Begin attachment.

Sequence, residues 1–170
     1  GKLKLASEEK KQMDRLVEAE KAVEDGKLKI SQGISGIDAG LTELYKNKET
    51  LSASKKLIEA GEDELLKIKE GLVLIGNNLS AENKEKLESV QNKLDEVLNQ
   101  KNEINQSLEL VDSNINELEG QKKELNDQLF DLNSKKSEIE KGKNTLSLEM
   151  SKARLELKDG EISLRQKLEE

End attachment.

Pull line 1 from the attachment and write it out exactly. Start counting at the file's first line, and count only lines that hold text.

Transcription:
Sequence, residues 1–170